DWP HQ, Caxton House, London. Photo: Paul Billanie for Welfare Weekly.

MPs will today (Wednesday, 13th September 2017) hear evidence from food banks, housing groups, and others, on how the roll-out of Universal Credit is progressing and which elements of the new benefits system still require improvement.

Universal Credit is replacing a number of existing social security benefits and tax credits with one single monthly payments.

The new system has been beset with delays and has also faced strong criticism from campaigners, charities, housing associations, and opposition parties alike, as well as others.

Citizens Advice recently described plans to accelerate roll-out of Universal Credit from five to 50 areas a month from October as “a disaster waiting to happen“, warning that more households were likely to be pushed into debt.

Commenting on the charity’s findings, Citizens Advice Chief Executive Gillian Guy said: “The roll-out of Universal Credit is a disaster waiting to happen.

“While the principles behind Universal Credit are sound, our evidence shows that if the government continues to take this stubborn approach to the expansion of Universal Credit, it risks pushing thousands of families into a spiral of debt, and placing an even greater strain on public services.”

She added: “People face severe consequences – like visits from bailiffs and eviction – when they can’t pay their bills. But government can help protect these households by taking the simple step of pausing Universal Credit and fixing the underlying problems, so families are less likely to fall into arrears.

“The government should also ensure that everyone has access to the support they need to adapt to Universal Credit”.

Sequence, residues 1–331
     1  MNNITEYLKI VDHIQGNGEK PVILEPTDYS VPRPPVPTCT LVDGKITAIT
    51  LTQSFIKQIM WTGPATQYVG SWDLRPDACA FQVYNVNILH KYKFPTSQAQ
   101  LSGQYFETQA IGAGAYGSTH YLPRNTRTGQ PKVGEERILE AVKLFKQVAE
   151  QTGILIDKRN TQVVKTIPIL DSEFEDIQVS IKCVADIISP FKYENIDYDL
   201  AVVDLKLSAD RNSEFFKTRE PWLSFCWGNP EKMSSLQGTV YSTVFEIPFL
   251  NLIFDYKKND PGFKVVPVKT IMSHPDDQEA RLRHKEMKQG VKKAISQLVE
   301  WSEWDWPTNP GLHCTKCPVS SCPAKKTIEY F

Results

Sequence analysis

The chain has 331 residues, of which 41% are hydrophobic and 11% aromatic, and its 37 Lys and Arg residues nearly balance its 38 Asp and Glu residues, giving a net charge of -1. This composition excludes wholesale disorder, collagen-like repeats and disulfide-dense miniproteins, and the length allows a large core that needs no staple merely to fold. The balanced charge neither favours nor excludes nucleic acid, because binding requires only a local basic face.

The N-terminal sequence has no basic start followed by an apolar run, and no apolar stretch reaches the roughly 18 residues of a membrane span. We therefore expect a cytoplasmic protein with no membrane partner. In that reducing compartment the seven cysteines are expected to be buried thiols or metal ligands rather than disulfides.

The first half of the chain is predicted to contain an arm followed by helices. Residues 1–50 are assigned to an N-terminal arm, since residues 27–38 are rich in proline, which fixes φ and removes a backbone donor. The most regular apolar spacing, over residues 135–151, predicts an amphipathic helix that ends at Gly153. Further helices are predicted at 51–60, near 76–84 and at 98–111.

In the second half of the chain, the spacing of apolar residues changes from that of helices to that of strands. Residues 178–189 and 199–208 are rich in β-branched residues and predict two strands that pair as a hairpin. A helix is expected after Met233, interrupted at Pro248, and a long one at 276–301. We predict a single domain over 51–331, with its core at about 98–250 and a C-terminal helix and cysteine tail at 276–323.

Announcing the first evidence session, which will commence at around 9.30am on Wednesday morning and can be watched live on Parliament TV, a press release from the Work and Pensions Committee reads:

“The timetable for the rollout has been much delayed and revised, but the previous committee was more concerned by evidence of the impact of claim processing delays, and the potential for these to be exacerbated by the planned acceleration of the rollout from October 2017.

“The hardship and financial difficulties faced by claimants awaiting UC payments were emphasised to the Committee by local authorities struggling to cope with the knock on effects of increased arrears and claimant debt associated with long waits for UC decisions and payments.

“More recently, food banks in rollout areas have reported struggling to meet demand since UC was introduced.”

It adds: “Questioning will focus on how the roll-out of the Universal Credit full service is progressing, focusing on its implications for claimants, councils and social and private landlords.”

Questions will focus on:

  • The DWP’s preparedness for the scheduled acceleration of the rollout of full service Universal Credit from October 2017, including progress since April 2017
  • The accuracy and registration of payments
  • Waits for payments
  • Advance payments
  • Impact on and communication with local authorities and landlords
  • Alternative Payment Arrangements
  • The effect of a single monthly direct payment on rent arrears
  • The proposed flexible arrangements in Scotland
  • The effects of planned Jobcentre closures
  • The effect of UC on claimants day-to-day lives and financial situations; and
  • Whether, based on the above, the accelerated roll-out from October 2017 should go ahead as planned.

Committee Chair Frank Field has already met with the new Work and Pensions Secretary, David Gauke MP, who has signaled his intention to press on with the accelerated roll-out despite widespread concerns.

The Committee will report their findings to MPs in the House of Commons.

In related news, the Work and Pensions Committee membership for the 2017 Parliament has been agreed by the House of Commons, and will consist of a majority of Labour MPs.

The Chair and Members of the Committee for 2017-18 are as follows:

  • Frank Field MP (Chair) (Labour)
  • Heidi Allen MP (Conservative)
  • Alex Burghart MP (Conservative)
  • Marsha De Cordova MP (Labour)
  • Neil Coyle MP (Labour)
  • Ruth George MP (Labour)
  • Steve McCabe MP (Labour)
  • Chris Stephens MP (SNP)

Prospective members were selected through a secret ballot of MPs in July of this year. The top candidates were then selected by their parties through an internal ballot.